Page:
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Hotel Švicarija reimagined | Ljubljana, Slovenia



Compared to the former episodes of our PACE X HYPEANDHYPER series, Hotel Švicarija will perhaps be a surprise to our readers used to contemporary projects. Come and explore with us the reconstruction of this building that used to be a popular community place in the early 20th century!

At first glance, there’s nothing contemporary about the alpine-style building built in 1910. Hotel Švicarija evoking the style of Swiss chalets was, indeed, reconstructed in a historically correct manner, however, the renovation plans completed in 2014 illustrate it clearly that the space was designed to meet modern needs. 

Ljubljana-based Tivoli Hotel, (commonly known as Švicarija, meaning Swiss chalet in Slovenian) was a popular center of Slovenian cultural and social life in the early 20th century. The hotel was designed by Ciril Metod Koch, who designed several significant buildings in Ljubljana around the turn of the century. The ground floor of the spectacular, chiseled building used to be a place for the community, however, in the decades preceding the renovation, it mainly functioned as a warehouse and gave home to a few ateliers, while the upper levels housed mansard apartments.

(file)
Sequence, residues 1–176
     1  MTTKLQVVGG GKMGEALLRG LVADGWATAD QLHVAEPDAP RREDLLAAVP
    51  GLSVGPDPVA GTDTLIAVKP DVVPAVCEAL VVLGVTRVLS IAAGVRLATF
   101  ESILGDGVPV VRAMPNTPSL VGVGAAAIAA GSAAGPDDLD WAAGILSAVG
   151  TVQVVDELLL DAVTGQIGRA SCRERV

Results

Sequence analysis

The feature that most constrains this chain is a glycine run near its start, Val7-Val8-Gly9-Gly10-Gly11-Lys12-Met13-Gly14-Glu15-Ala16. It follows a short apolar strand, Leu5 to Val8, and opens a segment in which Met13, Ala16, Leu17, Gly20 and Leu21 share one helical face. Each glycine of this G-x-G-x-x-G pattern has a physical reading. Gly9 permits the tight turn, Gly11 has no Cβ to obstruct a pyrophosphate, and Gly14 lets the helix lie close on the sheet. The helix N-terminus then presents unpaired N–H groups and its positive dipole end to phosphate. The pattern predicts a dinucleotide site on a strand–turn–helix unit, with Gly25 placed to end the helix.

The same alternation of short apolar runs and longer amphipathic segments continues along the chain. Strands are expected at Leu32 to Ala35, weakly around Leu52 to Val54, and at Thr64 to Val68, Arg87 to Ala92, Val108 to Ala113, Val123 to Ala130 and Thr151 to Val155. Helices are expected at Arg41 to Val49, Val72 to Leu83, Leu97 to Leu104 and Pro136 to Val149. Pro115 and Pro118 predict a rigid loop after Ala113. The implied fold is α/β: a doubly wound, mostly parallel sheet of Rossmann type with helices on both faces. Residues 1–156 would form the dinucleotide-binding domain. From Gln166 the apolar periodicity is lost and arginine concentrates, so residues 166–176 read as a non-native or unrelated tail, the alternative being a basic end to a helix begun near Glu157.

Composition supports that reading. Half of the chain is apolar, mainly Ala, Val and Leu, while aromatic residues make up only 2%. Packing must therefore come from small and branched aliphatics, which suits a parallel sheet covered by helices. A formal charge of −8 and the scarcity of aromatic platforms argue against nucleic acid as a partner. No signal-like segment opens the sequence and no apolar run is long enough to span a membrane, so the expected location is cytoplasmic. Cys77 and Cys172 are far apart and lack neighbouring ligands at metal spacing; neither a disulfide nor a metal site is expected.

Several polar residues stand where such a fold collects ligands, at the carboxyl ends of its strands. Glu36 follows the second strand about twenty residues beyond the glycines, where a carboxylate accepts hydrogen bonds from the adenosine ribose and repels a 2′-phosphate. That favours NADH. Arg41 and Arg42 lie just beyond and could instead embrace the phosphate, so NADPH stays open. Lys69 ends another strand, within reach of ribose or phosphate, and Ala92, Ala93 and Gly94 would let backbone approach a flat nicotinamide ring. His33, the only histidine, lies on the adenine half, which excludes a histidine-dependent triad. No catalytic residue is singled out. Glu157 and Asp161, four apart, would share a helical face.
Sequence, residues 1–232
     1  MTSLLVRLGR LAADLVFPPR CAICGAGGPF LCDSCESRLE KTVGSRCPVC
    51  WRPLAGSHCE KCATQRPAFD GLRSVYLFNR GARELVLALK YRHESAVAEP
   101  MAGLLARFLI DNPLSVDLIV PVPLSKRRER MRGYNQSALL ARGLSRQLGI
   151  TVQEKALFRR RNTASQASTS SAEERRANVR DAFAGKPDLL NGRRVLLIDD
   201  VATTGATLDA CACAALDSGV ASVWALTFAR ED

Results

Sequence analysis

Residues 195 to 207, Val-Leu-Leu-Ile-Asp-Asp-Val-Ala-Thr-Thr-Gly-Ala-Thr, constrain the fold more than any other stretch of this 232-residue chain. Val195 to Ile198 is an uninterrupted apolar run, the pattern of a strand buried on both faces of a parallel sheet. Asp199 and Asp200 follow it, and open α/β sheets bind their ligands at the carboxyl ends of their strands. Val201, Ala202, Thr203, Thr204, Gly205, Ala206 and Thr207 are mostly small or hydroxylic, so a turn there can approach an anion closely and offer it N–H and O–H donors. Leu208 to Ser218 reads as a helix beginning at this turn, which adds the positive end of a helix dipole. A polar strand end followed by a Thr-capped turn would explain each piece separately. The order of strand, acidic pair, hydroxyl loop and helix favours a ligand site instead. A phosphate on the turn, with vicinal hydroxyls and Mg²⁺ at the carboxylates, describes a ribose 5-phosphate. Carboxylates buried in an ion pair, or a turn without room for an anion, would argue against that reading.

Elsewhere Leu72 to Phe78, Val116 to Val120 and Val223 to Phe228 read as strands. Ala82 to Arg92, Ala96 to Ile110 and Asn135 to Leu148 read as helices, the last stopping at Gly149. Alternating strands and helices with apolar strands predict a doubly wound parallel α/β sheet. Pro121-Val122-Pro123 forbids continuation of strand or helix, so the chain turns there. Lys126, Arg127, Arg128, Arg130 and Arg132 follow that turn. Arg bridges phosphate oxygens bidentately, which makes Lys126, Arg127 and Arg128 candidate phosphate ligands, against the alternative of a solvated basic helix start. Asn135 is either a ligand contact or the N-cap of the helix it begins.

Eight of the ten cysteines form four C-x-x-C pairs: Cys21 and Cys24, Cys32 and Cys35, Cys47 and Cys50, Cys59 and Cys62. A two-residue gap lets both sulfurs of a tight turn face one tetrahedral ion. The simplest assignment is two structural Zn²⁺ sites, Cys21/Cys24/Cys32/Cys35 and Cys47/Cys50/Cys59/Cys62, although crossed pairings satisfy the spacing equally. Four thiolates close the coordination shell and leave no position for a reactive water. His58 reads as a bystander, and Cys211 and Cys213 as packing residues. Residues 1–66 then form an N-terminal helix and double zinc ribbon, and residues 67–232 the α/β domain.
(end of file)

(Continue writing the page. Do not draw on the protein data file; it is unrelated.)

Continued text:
The renovation, prepared by architecture firm Arrea, focused on unlocking the potentials of the ground floor: by cleaning away and opening the existing walls, a space suitable for hosting exhibitions and banquets was created, and the architects also renovated the coffered wall claddings and the central staircase. Two new sculpture studios were established on this floor, with large windows and a view over the forest nearby.

The architects expanded the hotel rooms on the top floor and transformed them into ateliers. All in all, the emphasis was placed on making the spaces more open: the new Hotel Švicarija is characterized by more light and accessibility compared to the original volume, thus further accentuating the delicate details and decorative elements of the building, including the decorative tiles, the floors and the wooden ceiling.

In our PACE X HYPEANDHYPER serieswe showcase a prominent contemporary public building from the Central Eastern European region each week. 

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